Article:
How to Understand the Paradoxes in Biblical Poetry A closer look at the psalms September 10th, 2018 Michael Dechane
How to Understand the Paradoxes in Biblical Poetry
How to Understand the Paradoxes in Biblical Poetry A closer look at the psalms September 10th, 2018 Michael Dechane
Bible Engager’s Blog

The psalms are poetry, and understanding poetry often happens in stages as we grapple with its language, images, forms, and rhythms. If a poem expresses paradox, or communicates the reality of living with ambivalence, or traces the hazy outline of mystery—we are likely to be put off, confused, or terrified. This may be especially true of biblical poetry. We know that:

Everything in the Scriptures is God’s Word. All of it is useful for teaching and helping people and for correcting them and showing them how to live (2 Timothy 3:16).

But how can we use a poem for teaching if we can’t understand it, or if it seems to mean many things at once?

Our desire to reduce difficult emotions, complex thinking, and the chaos of life into understandable, definitive, and stable terms we can grasp conflicts with an intricate poem’s design and articulations. It is very difficult to flatten such a poem. Psalm 42 is a good example.

Conflicting Emotions

In the middle of Psalm 42, we find a curious pair of verses:

Your vicious waves
   have swept over me
   like an angry ocean
   or a roaring waterfall.

Every day, you are kind,
   and at night
you give me a song
   as my prayer to you,
   the God of my life. (Psalm 42:7-8)

What are we to make of the psalmist’s words? It is clear that the speaker is crying out to God from a place of discouragement, sorrow, and even despair (verses 1-6). Then we arrive at verse 7 and hear that God’s “vicious waves / have swept over me” for reasons we are not given to understand. Immediately following this is praise of God’s kindness, causing us to wonder what happened between verses 7 and 8. How can the speaker feel contrasting emotions, seemingly at the same time? Why must meaning be shrouded in mysterious images and metaphorical language?

Pausing to Ask Questions

The breaks between lines and stanzas in poetry are not random. They are often a good place for lingering, and for asking questions. Notice the little white space this translation includes between verses 7 and 8—it is an especially good place to pause.

Is verse 8 a resolution of the pain or conflict described in verse 7? Do these verses remind you of the ways your own feelings can overlap, or change very quickly? Have you experienced being overwhelmed by God and then relieved by God?

The kinds of questions and answers that might present themselves between the verses will be different from one reader to another. Even the same reader will have different questions with repeated readings. Poems create a space for making meaning, they don’t just hand us information.

Taking Cues from the Structure

Most poems have a structure or organizational pattern of some kind, and the breaks between stanzas are one of the ways the writer helps the reader to see that structure. The same is true for Psalm 42.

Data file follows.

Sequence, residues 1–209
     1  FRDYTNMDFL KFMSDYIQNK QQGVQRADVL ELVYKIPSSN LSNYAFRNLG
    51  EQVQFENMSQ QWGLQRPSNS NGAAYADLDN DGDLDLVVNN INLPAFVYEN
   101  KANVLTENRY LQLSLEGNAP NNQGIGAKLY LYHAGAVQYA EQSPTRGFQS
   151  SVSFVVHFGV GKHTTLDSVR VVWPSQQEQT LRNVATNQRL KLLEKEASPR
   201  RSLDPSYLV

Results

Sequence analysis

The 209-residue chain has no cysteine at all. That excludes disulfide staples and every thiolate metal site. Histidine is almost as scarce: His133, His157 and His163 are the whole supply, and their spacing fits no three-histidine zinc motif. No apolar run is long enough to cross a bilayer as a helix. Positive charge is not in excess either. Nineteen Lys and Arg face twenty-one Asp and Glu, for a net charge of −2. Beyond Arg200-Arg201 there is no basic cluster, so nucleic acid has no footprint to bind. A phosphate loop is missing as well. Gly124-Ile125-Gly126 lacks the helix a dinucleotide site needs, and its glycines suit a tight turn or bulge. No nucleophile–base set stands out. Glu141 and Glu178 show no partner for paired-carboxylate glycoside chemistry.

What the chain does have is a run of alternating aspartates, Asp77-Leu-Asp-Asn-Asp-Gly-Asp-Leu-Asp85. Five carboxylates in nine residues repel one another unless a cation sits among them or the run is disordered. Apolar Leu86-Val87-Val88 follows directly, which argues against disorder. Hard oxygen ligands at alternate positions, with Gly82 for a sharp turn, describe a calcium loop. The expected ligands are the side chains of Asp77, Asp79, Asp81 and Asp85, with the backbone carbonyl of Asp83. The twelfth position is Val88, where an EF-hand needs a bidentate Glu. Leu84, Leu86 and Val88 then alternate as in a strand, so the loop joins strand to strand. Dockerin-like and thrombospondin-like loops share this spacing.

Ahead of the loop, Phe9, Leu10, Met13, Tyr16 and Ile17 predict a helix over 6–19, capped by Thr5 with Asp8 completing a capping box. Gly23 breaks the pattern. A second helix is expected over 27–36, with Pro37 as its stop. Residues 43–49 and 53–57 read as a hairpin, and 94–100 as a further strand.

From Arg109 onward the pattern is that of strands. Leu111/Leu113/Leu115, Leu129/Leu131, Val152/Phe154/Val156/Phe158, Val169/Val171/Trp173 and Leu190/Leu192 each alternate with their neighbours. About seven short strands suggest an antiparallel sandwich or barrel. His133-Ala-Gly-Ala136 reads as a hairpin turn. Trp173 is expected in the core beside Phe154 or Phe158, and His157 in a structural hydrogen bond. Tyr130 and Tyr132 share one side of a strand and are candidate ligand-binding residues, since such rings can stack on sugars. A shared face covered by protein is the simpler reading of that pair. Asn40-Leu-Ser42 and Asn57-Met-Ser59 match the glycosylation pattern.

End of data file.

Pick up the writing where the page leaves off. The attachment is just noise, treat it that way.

The first stanza is about someone’s longing for God, expressed through the metaphor of extreme hunger and thirst. It is all about the absence and emptiness the person feels.

The second stanza tells of the individual’s sorrow and the haunting memories of joyful times. Deep and troubling questions, faith in God, and a desire to praise the one who has been a help are all expressed. The break between the stanzas helps the alert reader see the shift in the speaker’s focus.

The third stanza plunges the reader back into the speaker’s feelings of discouragement. The end of the previous stanza is a strong expression of determination to praise God, knowing that God is there to help. Isn’t this just how anxiety and hunger and longing feel? These emotions surge and come upon us in waves.

The structure of the poem recreates—in a condensed form—the cyclical experience of the ways these thoughts and feelings swell and surge within us. In this sense, the stanza breaks are like the little spaces between those waves. Those spaces could last minutes or months, but they can expand or contract to accommodate whatever each reader is facing.

Savoring Each Line

Poems can overwhelm us because they say so much so quickly, and because they point to, or lead us to, vistas of thought and feelings that are expansive. The breaks between the stanzas give us a good place to pause, imagine, and reflect. Even the breaks between lines are meaningful.

Each line of Psalm 42 is a unit of thought or feeling that we can savor, internalize, and engage deeply. Read Psalm 42 and pick a line that stands out to you. Pour over that line repeatedly, noticing what thoughts, feelings, or questions come to mind. With a little practice doing this with individual lines, read a shorter psalm straight through. Then go back, and spend time savoring each line. When you read that way, you will see how both the text and the spaces between lines and stanzas become more meaningful.

Read more posts about: Understanding ScripturePoetic Approach

Michael Dechane
Michael Dechane

Michael Dechane is a poet, videographer, and formally trained public speaker. He is a student in Seattle Pacific University’s low-residency MFA program. His poetry is forthcoming in Saint Katherine Review. A native Floridian and current resident of St. Petersburg, he spends a great deal of time in the saltwater or spring-fed rivers of his childhood.

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